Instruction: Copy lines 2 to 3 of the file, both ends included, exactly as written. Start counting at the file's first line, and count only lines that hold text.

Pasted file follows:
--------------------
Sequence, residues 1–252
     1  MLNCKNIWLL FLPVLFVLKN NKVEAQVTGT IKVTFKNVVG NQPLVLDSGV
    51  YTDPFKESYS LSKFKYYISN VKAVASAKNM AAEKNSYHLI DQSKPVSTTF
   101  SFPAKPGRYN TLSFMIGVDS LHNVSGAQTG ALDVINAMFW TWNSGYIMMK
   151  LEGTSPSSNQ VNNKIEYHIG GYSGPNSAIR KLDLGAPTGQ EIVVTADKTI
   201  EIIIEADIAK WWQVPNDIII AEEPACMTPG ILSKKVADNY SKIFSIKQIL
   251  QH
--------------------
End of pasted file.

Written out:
     1  MLNCKNIWLL FLPVLFVLKN NKVEAQVTGT IKVTFKNVVG NQPLVLDSGV
    51  YTDPFKESYS LSKFKYYISN VKAVASAKNM AAEKNSYHLI DQSKPVSTTF